My paintings are visual expressions of personal or collective experiences.

Most of my work is abstract. I usually work fast, trying to keep the process largely intuitive. Ambiguities and “unfinished”, undefined elements are there to be relished and to invite the viewer to engage in an equally intuitive process of seeing.

In the double-series “About Time” (2010) , however, I juxtaposed minimalist ("planetary") paintings, representing a natural, cyclical experience of Time (“Time I”), to abstract expressionist pieces, which represented the more fractured way of experiencing Time (“Time II”), which modern technology makes us engage in.

"Matter of Color” (2011) was an attempt to address the tension between
Nature and Technology, through the interaction
between color and line within each painting.

In 2012 I returned to the subject of Time. The three pieces entitled "Chronos" (or "Intersections") deal with an experience of time as it passes, with an awareness of the past, the present and the future--as opposed to a focus on the present moment.
The present moment is celebrated in "Kairos", 2012. Using any painterly method that felt right, I positioned disparate shapes, masses, lines on the canvas, while keeping a close eye on what happened “in-between”. All the elements included in the painting became players which needed to be dealt with. As I did, my goal was to create a field of energy while maintaining a sense of openness. It felt like a reflection of life.

In the following summer, that sense of openness was threatened. I found a piece of a torn fishing net at the beach and decided to use it. It became my tool and my subject both in the series "The Scandal and the Beauty of It" (2013) and in "Net Works" (2014)

2014: "Net Works"
Nets are useful objects, freighted with symbolic meaning.
When I first found a piece of fish netting last year it suggested entrapment—the essence of the human condition, it seemed to me. That net, and many others, became printing tools.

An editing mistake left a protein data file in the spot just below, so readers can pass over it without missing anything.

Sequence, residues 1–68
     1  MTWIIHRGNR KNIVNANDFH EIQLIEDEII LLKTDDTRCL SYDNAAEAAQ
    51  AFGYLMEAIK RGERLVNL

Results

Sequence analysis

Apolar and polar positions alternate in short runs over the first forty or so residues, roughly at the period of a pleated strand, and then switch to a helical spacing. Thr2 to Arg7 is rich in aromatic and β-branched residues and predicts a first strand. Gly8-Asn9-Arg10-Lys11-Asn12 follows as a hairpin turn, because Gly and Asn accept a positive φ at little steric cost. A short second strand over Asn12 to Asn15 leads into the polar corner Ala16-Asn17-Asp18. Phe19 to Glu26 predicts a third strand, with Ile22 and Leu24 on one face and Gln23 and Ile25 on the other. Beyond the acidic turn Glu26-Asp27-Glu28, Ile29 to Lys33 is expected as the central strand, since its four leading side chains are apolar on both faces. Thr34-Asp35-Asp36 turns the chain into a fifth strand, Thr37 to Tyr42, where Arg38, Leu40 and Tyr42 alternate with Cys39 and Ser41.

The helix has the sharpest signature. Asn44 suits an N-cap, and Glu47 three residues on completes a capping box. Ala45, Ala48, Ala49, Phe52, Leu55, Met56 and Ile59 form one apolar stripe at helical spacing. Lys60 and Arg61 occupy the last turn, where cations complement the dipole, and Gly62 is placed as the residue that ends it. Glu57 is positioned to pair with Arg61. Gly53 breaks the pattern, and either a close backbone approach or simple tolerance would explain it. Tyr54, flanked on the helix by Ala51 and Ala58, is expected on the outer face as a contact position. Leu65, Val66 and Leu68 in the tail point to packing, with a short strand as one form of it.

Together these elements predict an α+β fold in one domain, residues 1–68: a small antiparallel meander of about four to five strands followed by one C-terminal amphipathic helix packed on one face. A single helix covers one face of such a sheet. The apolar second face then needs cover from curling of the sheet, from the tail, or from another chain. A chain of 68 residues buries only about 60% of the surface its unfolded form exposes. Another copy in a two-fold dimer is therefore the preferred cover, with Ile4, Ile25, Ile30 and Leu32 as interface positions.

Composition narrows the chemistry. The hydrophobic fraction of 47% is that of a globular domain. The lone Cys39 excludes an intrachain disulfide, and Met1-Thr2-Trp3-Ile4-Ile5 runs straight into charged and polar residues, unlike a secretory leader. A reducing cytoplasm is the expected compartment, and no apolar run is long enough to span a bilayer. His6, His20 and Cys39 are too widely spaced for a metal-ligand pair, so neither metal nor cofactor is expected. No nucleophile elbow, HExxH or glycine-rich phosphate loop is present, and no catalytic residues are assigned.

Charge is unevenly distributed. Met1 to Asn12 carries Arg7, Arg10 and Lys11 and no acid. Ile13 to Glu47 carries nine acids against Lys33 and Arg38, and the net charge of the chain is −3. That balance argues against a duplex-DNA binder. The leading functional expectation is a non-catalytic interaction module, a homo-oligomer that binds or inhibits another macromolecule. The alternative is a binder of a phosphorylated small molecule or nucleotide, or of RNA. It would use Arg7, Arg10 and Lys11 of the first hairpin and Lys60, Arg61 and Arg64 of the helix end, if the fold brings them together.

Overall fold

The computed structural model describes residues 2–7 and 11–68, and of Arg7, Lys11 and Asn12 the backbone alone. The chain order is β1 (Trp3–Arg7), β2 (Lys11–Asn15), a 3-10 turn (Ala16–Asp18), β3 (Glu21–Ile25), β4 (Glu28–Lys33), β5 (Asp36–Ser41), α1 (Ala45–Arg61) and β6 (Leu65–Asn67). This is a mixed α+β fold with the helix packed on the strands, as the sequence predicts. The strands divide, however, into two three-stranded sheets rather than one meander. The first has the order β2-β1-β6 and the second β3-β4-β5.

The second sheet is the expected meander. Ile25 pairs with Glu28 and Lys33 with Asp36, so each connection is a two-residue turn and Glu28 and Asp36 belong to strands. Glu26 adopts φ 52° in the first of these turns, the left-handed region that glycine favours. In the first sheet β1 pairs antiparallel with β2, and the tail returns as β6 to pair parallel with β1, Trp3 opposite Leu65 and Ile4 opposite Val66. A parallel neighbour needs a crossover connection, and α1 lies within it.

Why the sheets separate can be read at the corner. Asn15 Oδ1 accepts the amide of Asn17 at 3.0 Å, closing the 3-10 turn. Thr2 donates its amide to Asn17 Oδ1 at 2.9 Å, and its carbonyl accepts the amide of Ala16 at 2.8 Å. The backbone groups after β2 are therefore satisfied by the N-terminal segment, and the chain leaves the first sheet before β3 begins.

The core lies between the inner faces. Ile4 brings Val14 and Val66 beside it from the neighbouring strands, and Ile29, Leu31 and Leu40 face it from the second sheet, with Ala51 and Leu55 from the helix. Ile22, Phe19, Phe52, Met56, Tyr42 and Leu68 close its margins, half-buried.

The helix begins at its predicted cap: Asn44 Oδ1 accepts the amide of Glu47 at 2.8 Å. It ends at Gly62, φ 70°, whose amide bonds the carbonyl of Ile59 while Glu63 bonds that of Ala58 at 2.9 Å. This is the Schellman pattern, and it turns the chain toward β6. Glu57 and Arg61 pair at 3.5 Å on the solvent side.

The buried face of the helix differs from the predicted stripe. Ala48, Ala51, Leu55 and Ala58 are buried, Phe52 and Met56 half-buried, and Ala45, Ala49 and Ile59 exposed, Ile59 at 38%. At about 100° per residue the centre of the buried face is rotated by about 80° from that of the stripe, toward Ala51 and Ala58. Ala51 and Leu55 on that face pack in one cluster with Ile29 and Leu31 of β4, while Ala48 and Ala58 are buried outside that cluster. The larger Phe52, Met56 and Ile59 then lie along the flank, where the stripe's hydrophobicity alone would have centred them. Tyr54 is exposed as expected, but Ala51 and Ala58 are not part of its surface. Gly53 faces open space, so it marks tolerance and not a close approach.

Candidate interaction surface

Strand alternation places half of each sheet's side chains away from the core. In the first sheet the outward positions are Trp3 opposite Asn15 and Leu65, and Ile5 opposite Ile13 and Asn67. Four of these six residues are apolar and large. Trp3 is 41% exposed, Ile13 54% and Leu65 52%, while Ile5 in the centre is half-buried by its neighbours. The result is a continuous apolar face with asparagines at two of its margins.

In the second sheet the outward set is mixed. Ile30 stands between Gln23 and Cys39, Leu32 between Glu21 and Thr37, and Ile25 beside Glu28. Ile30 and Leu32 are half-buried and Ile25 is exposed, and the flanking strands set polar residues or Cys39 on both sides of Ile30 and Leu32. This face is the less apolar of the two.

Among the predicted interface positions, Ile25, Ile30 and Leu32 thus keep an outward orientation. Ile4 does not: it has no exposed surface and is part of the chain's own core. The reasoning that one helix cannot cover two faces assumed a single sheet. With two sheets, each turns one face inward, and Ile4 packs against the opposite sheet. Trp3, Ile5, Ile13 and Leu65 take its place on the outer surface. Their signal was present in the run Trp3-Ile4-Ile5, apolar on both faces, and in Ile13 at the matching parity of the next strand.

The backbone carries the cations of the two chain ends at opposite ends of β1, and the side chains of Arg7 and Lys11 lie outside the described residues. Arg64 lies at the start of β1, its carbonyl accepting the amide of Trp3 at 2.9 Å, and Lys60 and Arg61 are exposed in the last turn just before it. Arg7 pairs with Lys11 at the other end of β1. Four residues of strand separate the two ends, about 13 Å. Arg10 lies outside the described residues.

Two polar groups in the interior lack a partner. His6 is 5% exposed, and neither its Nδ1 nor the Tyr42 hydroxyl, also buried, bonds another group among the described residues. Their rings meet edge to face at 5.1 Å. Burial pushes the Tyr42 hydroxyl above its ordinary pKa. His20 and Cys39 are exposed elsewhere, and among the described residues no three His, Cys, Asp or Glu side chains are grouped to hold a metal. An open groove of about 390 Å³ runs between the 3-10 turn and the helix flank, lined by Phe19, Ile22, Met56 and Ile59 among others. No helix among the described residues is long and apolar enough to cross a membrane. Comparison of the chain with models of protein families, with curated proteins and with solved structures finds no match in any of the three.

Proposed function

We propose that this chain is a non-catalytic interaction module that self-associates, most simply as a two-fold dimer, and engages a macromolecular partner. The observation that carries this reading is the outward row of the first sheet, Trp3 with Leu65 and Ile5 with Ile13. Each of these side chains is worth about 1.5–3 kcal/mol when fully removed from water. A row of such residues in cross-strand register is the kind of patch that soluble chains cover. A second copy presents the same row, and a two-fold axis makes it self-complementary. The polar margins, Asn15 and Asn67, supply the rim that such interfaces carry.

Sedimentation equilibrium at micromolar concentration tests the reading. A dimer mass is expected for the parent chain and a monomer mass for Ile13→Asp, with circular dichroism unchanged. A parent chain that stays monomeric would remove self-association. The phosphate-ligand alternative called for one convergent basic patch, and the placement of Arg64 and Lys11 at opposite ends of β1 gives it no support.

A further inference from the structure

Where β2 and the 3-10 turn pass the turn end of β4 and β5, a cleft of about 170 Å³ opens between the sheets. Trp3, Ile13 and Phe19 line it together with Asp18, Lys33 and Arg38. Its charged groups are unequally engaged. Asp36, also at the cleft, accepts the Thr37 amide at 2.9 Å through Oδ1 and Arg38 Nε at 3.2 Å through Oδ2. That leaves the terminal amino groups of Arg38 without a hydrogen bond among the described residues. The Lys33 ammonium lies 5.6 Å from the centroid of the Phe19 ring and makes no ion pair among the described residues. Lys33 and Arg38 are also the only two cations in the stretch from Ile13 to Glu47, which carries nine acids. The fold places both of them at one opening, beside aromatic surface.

The ink (or paint)-drenched imprint of netting suggests a powerful reality. Using the structure it provides I may react against it, erase it, paint over it, create negative or positive spaces, layers--or I may treat it as an entity in its own right.
As I explored techniques and their effects, the appearance and the meaning of the net kept changing. The net as instrument of entrapment, which I had initially been railing against, then relegated to a number of different roles, gradually moved to center stage and acquired a life of its own: It simply was. There were even moments when I felt that I “was” the net, or that the net had “become” the “fish”. Or that the net was simply a pervasive presence, connecting everything.
Throughout all these transformations, the netting still represents the human condition, I believe. What has changed is the artist’s perspective.

2015/16: "The Net Reconfigured" and "Breaking Through" (installation):
This series is still about nets and about the way they capture or rein in. What's new here is the attempt to cut through them, and to create a new world from the broken pieces. In more general terms it is about confinement and liberation, but also about destruction and reintegration.